Fitness training: Elements of a well-rounded routine
Fitness training balances five elements of good health. Make sure your routine includes aerobic fitness, strength training, core exercises, balance training, flexibility and stretching.
By Mayo Clinic Staff
Whether you're a novice taking the first steps toward fitness or an exercise fanatic hoping to optimize your results, a well-rounded fitness training program is essential. Include these five elements to create a balanced routine.
Aerobic exercise, also known as cardio or endurance activity, is the cornerstone of most fitness training programs. Aerobic exercise causes you to breathe faster and more deeply, which maximizes the amount of oxygen in your blood. The better your aerobic fitness, the more efficiently your heart, lungs and blood vessels transport oxygen throughout your body — and the easier it is to complete routine physical tasks and rise to unexpected challenges, such as running to your car in the pouring rain.
Aerobic exercise includes any physical activity that uses large muscle groups and increases your heart rate. Try walking, jogging, biking, swimming, dancing, water aerobics — even leaf raking, snow shoveling and vacuuming.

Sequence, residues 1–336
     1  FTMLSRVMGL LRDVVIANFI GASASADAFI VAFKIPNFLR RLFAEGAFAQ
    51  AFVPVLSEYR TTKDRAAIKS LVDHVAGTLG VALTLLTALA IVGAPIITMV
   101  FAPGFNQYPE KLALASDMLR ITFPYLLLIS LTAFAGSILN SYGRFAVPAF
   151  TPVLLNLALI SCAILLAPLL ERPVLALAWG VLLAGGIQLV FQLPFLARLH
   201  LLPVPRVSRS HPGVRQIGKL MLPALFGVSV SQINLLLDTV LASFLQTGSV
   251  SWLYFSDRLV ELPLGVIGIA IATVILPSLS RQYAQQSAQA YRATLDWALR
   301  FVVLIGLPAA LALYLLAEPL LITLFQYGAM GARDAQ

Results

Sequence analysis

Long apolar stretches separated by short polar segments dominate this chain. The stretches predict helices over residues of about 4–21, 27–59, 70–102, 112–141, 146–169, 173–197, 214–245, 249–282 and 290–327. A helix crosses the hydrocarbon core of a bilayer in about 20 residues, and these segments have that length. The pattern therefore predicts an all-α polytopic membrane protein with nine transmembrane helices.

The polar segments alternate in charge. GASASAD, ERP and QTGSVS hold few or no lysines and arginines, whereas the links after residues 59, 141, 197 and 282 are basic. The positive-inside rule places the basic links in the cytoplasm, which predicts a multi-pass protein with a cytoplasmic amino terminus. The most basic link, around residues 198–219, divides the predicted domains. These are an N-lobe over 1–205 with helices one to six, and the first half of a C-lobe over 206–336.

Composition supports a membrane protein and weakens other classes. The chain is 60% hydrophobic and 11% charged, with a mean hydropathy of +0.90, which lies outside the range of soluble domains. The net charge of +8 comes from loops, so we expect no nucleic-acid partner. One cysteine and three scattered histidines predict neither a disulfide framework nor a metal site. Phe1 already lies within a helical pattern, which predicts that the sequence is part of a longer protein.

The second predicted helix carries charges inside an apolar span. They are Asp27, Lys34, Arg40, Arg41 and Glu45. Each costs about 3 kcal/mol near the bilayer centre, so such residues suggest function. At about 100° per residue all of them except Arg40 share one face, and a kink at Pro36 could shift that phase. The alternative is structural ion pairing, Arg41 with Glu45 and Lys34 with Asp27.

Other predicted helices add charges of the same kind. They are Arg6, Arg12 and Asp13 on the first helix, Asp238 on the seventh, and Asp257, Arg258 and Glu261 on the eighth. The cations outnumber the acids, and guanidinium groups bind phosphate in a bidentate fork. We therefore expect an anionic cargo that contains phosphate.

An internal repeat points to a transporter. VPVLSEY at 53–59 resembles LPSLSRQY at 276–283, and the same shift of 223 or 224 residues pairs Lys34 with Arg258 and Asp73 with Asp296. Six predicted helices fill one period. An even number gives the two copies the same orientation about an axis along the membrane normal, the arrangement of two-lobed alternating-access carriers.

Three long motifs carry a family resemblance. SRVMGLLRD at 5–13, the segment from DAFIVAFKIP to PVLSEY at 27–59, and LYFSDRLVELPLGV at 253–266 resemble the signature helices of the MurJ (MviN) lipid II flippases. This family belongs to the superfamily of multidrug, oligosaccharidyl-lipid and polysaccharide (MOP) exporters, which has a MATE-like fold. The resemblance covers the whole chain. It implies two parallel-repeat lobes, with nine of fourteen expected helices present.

For most healthy adults, the Department of Health and Human Services recommends that you get at least 150 minutes a week of moderate aerobic activity or 75 minutes a week of vigorous aerobic activity. You also can do a combination of moderate and vigorous activity. The guidelines suggest that you spread out this exercise during the course of a week.
Muscular fitness is another key component of a fitness training program. Strength training at least twice a week can help you increase bone strength and muscular fitness. It can also help you maintain muscle mass during a weight-loss program.
Most fitness centers offer various resistance machines, free weights and other tools for strength training. But you don't need to invest in a gym membership or expensive equipment to reap the benefits of strength training.
Hand-held weights or homemade weights — such as plastic soft drink bottles filled with water or sand — may work just as well. Resistance bands are another inexpensive option. Your own body weight counts, too. Try pushups, abdominal crunches and leg squats.
The muscles in your abdomen, lower back and pelvis — known as your core muscles — help protect your back and connect upper and lower body movements. Core strength is a key element of a well-rounded fitness training program.
Core exercises help train your muscles to brace the spine and enable you to use your upper and lower body muscles more effectively. So what counts as a core exercise? A core exercise is any exercise that uses the trunk of your body without support, such as abdominal crunches. You can also try various core exercises with a fitness ball.
July 25, 2014
See more In-depth
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